November: Russian Revolution 100th Anniversary
December: Human Rights Day Show-The Chicago House Un-American Activities Hearings
January: 100 Years of Chicago Police Violence.
Second Fridays of the Month
6PM - 10PM
Richard Berg is the Past President of Teamsters Local 743 where he was an activist in the Teamster reform movement for more than 20 years before being elected president. He was a member and union steward for the Teamsters while working in the Department of Environmental Services at the University of Chicago Medical Center. He has also worked as an Organizer for AFSCME, as a Business Agent for the Teamsters and as a Union Representative for SEIU Local 73. He was also previously the Treasurer of the Chicago Area Labor Support Committee, Executive Board Member of the Chicago Chapter of the Labor Committee for Latin American Advancement, International Steering Committee Member of Teamsters for a Democratic Union, 30th Ward Coordinator for Harold Washington for Mayor in 1987, Staff for James Exum for 48th Ward Democratic Committeeman, Steering Committee Member of the Illinois Chapter of the Labor Party, Wisconsin Chair of the Midwest Coalition Against Registration and the Draft, Co-Chair of the Marquette University Coalition for Divestiture and President of the Marquette University Progressive Student Organization . Richard is currently a Staff Representative for Illinois AFSCME Council 31 and serves on the Steering Committee for the Chicago Labor Speakers Club. He also enjoys fine art whenever possible.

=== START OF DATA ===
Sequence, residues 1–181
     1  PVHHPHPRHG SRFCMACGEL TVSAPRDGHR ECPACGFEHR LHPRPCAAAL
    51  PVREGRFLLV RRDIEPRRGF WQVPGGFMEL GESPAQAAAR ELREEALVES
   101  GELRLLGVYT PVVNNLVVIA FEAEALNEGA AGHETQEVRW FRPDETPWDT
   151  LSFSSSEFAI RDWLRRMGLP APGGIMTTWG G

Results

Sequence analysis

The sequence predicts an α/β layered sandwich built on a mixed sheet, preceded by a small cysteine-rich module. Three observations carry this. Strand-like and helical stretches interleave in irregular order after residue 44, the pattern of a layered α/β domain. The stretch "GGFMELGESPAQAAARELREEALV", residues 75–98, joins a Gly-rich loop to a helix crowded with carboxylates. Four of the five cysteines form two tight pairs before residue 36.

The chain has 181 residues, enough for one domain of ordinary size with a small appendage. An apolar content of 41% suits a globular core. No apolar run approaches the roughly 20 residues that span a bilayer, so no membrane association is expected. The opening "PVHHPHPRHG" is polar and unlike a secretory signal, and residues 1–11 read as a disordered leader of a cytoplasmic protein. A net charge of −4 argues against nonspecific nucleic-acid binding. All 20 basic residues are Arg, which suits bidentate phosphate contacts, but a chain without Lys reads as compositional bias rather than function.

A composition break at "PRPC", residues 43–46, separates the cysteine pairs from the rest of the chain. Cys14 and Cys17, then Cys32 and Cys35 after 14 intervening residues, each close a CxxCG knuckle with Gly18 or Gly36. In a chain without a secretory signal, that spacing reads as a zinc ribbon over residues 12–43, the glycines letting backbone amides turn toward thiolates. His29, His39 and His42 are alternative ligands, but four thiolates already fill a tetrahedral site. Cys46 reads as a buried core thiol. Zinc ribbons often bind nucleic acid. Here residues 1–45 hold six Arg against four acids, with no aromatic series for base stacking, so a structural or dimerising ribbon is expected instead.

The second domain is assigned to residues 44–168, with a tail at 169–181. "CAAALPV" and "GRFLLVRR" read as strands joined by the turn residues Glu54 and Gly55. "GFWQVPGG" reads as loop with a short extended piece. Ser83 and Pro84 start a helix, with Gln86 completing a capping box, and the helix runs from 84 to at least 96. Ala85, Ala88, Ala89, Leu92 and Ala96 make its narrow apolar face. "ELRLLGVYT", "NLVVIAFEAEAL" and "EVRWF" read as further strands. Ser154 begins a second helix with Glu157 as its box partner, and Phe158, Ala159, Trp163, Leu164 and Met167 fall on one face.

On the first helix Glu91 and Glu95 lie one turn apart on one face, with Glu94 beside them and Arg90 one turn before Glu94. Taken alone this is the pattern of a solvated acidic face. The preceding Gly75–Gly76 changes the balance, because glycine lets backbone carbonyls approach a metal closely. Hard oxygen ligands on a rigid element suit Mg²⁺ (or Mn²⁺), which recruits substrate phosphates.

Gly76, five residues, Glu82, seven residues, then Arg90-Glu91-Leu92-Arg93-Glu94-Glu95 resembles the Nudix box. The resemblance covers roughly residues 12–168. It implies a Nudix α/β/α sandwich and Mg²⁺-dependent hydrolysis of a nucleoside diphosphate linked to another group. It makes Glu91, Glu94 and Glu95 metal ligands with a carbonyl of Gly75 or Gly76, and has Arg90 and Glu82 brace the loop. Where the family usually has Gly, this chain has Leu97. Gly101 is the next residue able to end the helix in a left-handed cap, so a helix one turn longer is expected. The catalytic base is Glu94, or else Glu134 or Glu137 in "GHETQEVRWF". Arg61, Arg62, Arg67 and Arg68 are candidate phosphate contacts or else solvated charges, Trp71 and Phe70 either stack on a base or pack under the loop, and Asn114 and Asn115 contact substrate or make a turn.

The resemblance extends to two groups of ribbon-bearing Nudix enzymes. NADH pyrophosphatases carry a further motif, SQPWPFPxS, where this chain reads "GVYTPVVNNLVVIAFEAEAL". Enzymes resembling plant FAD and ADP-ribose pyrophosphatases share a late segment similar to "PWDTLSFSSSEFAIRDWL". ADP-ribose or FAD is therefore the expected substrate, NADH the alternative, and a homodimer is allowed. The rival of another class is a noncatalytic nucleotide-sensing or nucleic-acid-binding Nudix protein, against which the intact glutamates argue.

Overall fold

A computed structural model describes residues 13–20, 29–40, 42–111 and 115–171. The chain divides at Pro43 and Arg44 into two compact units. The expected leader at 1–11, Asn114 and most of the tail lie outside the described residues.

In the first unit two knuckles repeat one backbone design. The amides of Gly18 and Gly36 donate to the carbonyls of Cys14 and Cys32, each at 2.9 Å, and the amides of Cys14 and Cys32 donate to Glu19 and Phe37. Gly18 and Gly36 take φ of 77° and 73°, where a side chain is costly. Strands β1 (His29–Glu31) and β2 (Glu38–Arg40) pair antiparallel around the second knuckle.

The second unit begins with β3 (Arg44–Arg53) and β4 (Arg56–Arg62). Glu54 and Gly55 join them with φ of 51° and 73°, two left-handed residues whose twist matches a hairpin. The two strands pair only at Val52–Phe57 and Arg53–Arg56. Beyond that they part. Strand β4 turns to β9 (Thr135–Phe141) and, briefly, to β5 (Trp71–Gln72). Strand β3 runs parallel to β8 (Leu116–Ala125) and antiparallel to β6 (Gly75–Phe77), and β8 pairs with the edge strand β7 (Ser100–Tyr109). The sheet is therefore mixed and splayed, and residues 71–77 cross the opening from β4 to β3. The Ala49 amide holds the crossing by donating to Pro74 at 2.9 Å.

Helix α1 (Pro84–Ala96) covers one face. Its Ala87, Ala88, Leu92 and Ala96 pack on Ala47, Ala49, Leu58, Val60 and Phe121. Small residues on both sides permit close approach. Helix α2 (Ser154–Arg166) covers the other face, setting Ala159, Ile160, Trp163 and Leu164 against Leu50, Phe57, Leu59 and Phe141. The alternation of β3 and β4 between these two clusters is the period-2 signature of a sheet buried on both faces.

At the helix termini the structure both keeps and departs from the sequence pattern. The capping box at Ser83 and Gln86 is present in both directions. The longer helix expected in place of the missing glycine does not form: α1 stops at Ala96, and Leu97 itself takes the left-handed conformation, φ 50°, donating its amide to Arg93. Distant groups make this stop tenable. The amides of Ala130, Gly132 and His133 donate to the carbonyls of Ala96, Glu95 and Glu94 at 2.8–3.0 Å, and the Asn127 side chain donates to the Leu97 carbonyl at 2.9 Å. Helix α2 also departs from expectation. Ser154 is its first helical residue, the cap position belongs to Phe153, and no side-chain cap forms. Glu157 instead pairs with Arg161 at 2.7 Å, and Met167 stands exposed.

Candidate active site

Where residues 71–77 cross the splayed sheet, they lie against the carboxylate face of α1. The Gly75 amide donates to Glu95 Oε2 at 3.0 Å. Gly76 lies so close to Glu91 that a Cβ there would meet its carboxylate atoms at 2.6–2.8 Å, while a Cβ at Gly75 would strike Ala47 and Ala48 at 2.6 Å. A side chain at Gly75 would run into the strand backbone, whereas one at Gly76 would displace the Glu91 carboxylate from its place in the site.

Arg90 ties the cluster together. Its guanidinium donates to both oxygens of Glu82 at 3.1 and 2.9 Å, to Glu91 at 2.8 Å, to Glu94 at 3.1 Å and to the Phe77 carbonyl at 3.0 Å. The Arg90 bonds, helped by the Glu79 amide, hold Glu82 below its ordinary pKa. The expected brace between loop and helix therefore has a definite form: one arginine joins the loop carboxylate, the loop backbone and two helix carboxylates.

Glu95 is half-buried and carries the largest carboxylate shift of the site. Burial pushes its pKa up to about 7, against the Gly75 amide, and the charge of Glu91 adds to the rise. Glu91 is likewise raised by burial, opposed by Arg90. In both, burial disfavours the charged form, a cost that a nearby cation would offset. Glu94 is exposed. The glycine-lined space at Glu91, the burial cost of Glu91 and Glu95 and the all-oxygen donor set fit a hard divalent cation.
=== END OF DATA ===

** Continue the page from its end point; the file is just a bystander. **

Paul Durica is a teacher, writer, and public historian. Since 2008 he has been producing a series of free and interactive public history programs under the name Pocket Guide to Hell. These talks, walks, and reenactments use costumes, props, music, and audience participation to make the past feel present.Paul’s writing on Chicago history and culture has appeared in Poetry, The Chicagoan, Mash Tun, Lumpen, and elsewhere and, with Bill Savage, he is the editor of Chicago By Day and Night: The Pleasure Seeker’s Guide to the Paris of America (Northwestern UP, 2013). He is currently the Director of Programs for Illinois Humanities.